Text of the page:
and so on.

I _hope_ they're not getting picked up by Java's gc. I don't see any reason why they would be...

I've tried setting it back using an object in the window on awakeFromNib. aka

Code:
window = imageWell.window()
And it goes null as soon as the timer fires.

Right now I'm stuck doing this:

But I least I know the actual code for calling the sheet isn't wrong.

Code:
NSArray windows = NSApplication.sharedApplication().windows();
        NSWindow window = (NSWindow) windows.objectAtIndex(0);
        NSWindow window1 = (NSWindow) windows.objectAtIndex(1);
        NSApplication nsapp=NSApplication.sharedApplication();
        nsapp.beginSheet(window1, window, this, null, null);
        nsapp.runModalForWindow(window1);
        nsapp.endSheet(window1);
        window1.orderOut(this);
 

gekko513

macrumors 603
Oct 16, 2003
6,302
1
Then I also see no reason why the references should all of a sudden be null. I can't see more solutions without seeing and playing with the code I think.

I still think the sheet code is a bit weird even if it works. Are you sure you need the line: nsapp.runModalForWindow(window1);?
 

reikon

macrumors newbie
Original poster
Jan 15, 2006
20
0
gekko513 said:
Then I also see no reason why the references should all of a sudden be null. I can't see more solutions without seeing and playing with the code I think.

I still think the sheet code is a bit weird even if it works. Are you sure you need the line: nsapp.runModalForWindow(window1);?
PM your e-mail to me and I'll send you my project if you like, I can't guarantee it'll be pretty seeing as I've been at this for a while and have tried lots of things.

I'll try removing the runModalForWindow to see if it works without it.

EDIT: removing runModalForWindow causes the app to crash. Or rather exit with status 0 without notice :p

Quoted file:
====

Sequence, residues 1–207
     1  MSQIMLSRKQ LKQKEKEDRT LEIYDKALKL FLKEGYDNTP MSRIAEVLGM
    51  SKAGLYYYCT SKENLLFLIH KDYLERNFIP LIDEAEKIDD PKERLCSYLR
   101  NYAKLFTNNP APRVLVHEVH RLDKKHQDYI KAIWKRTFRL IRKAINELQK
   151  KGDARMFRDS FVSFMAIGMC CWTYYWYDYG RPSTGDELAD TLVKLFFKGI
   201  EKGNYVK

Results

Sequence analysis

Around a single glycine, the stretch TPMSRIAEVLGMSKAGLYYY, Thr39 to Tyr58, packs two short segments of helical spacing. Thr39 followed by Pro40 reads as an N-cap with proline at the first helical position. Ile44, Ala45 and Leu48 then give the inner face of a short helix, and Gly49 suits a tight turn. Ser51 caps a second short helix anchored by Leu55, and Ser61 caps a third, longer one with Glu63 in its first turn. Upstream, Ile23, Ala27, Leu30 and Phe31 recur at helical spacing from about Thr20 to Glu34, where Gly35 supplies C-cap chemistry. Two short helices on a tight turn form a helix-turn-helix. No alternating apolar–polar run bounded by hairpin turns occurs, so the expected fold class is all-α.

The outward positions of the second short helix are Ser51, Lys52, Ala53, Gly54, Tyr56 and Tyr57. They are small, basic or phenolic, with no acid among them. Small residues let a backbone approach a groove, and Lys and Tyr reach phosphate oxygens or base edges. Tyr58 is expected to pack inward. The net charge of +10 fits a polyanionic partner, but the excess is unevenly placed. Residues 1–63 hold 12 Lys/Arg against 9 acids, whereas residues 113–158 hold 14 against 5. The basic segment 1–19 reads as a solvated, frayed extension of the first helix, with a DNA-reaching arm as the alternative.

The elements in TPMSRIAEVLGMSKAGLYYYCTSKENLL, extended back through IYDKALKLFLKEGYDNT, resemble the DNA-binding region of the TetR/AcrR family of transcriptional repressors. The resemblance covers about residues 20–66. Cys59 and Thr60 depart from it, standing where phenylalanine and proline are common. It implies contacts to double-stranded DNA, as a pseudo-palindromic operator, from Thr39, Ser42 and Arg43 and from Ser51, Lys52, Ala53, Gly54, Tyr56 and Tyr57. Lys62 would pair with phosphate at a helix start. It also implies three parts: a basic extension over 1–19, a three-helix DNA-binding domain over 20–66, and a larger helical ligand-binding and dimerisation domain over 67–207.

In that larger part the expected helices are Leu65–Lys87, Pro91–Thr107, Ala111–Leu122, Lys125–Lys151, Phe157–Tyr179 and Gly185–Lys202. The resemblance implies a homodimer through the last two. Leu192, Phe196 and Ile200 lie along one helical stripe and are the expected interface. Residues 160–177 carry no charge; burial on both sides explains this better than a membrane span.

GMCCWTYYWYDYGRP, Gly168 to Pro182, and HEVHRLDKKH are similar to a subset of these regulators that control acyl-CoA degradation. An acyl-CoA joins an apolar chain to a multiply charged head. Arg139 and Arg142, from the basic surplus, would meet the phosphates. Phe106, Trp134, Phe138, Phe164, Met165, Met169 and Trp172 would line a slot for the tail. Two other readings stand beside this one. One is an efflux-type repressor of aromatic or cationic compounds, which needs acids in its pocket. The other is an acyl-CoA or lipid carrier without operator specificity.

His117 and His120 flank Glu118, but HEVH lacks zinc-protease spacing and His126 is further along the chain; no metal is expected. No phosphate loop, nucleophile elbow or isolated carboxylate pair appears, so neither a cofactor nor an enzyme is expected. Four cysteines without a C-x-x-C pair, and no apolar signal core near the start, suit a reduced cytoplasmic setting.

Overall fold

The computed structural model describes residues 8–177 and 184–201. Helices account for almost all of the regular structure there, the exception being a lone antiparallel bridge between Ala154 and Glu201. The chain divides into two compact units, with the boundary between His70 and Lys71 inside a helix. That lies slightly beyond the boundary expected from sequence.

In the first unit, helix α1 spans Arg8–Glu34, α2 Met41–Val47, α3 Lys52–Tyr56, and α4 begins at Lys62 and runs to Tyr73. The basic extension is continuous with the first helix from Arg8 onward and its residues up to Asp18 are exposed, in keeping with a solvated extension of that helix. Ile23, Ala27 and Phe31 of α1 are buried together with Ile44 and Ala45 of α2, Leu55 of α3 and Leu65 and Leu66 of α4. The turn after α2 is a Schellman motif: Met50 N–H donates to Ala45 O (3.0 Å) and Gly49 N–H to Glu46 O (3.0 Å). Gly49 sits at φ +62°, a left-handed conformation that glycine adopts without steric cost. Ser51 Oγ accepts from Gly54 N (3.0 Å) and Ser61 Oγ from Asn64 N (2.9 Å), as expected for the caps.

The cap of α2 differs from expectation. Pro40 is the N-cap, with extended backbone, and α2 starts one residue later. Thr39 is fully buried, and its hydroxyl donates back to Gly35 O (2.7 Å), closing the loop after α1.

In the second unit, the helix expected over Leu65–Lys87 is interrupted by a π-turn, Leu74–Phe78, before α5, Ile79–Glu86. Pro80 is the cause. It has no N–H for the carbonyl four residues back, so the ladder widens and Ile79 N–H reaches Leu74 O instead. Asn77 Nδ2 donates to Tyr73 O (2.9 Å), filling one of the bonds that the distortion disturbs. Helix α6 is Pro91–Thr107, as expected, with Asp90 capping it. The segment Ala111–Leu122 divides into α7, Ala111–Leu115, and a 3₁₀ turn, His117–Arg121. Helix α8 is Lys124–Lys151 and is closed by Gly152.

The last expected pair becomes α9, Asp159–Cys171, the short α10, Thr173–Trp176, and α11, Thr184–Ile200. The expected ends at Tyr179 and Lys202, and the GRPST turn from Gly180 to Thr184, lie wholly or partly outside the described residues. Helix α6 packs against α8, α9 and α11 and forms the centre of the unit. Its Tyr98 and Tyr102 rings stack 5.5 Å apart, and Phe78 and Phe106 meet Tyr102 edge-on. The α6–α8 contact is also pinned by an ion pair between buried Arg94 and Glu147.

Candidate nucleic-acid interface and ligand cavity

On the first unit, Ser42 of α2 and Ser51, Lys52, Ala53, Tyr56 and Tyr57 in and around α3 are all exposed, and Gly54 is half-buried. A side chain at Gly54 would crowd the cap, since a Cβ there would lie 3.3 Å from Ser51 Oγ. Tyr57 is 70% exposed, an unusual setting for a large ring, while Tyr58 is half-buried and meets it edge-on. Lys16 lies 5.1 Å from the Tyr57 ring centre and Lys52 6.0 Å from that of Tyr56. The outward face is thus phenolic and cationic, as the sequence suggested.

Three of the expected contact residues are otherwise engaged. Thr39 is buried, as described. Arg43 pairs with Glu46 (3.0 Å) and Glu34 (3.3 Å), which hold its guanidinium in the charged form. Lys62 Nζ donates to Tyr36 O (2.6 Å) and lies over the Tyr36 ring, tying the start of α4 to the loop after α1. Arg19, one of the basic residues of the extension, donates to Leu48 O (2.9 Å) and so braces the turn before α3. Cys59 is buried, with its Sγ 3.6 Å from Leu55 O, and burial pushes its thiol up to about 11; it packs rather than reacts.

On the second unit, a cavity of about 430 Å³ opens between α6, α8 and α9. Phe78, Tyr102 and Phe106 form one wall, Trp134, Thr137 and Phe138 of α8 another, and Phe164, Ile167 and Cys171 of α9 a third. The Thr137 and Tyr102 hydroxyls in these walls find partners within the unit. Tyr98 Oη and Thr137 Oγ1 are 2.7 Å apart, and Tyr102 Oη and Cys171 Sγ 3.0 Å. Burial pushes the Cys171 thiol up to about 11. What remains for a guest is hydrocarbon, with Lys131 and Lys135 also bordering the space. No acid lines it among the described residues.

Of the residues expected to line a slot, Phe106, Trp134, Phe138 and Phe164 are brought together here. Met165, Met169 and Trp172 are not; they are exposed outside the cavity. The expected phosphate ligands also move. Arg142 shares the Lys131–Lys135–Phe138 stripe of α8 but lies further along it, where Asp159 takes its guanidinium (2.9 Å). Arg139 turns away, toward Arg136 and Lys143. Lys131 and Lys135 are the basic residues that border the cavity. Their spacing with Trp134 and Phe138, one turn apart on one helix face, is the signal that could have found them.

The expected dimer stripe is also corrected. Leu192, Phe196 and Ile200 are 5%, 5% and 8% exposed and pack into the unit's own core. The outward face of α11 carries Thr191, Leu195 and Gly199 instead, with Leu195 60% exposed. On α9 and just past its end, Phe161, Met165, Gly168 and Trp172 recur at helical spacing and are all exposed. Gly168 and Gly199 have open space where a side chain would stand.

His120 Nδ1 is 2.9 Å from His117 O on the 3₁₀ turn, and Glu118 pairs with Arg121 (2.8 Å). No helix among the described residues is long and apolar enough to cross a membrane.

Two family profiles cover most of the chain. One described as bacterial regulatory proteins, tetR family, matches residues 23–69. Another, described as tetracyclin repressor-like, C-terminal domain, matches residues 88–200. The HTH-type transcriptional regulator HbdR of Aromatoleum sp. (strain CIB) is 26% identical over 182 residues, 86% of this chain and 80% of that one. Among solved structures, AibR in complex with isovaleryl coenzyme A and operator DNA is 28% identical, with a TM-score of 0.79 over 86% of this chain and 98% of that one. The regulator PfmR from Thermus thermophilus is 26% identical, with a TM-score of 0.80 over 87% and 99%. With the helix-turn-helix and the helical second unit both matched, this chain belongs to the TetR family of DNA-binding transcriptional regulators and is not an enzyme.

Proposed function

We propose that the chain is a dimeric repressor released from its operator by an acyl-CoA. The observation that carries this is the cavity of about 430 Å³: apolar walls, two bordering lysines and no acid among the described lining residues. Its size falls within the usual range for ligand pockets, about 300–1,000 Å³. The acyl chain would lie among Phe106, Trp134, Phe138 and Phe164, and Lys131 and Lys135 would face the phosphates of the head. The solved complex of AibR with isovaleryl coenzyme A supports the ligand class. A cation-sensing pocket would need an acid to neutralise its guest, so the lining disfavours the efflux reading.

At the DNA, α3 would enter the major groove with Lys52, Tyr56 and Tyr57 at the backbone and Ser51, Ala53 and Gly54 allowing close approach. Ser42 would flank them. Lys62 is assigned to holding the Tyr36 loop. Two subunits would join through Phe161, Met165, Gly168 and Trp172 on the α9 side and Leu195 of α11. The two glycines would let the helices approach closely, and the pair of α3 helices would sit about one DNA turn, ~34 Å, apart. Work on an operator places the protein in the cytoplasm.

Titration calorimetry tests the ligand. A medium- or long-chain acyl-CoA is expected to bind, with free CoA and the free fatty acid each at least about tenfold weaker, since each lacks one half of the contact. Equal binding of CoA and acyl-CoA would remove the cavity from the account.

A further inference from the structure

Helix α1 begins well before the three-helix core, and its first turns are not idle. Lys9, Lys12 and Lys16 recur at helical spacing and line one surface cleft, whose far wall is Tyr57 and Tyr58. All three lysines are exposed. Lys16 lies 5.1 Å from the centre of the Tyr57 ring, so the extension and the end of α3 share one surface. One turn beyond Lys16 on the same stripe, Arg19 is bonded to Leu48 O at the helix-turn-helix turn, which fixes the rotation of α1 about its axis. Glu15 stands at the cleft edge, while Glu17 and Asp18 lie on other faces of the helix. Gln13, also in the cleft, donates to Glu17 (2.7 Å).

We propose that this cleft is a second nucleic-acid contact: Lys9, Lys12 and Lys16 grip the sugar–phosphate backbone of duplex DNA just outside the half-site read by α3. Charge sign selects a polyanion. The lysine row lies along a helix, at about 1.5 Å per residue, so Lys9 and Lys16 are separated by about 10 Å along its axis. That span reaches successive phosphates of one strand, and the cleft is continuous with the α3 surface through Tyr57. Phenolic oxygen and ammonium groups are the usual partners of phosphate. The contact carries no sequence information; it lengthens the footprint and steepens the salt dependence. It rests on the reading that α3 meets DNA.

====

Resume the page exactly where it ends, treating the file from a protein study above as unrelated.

gekko513

macrumors 603
Oct 16, 2003
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reikon said:
PM your e-mail to me and I'll send you my project if you like, I can't guarantee it'll be pretty seeing as I've been at this for a while and have tried lots of things.

I'll try removing the runModalForWindow to see if it works without it.

EDIT: removing runModalForWindow causes the app to crash. Or rather exit with status 0 without notice :p
How rude of it. ;) Well, then I guess you have to keep it there. It's still strange, since it doesn't seem to be right according to the docs. (I sent you a PM)
 

caveman_uk

Guest
Feb 17, 2003
2,390
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Hitchin, Herts, UK
reikon said:
I find it very odd for you to compare a legacy language to Java.

If you look at a company like Microsoft, they have C#, J#, etc which they not only maintain, but document thoroughly.

I just feel that by limiting the languages that can access the primary API, you're limiting the number of applications for your platform.
I wasn't saying cobol was as modern as Java. I was trying to point out where do you draw the line on what languages you support. Apple supports two API's (Cocoa and Carbon) - one primarily for objective-C and the other primarily for C and C++ (I know you can mix and match if you want). There are a number of third party bridges to the Apple APIs (for example PyObjC) so you aren't exactly limited to just the languages Apple chooses to support. It is also worth bearing in mind that Microsoft has an awful lot more developers and money to throw at keeping their range of languages maintained. They also charge for their developer tools - hundreds of dollars if you want the grown up editions - whilst Apple gives it all away for nothing.

Besides I would have thought the main reason for using Java (other than you know it already or have assets already written in it) would be it's platform independence. By using java with Cocoa you've lost that advantage so all you're left with is it's disadvantages. There are alternatives to Cocoa you could use in Java that would retain your platform independence.

Cocoa is designed to be used by objective-C and it's littered with design decisions made on that assumption. Those assumptions don't necessarily apply to Java which has it's own way of doing things. Consequently the Java-cocoa bridge was always going to be the bastard child that no-one loved.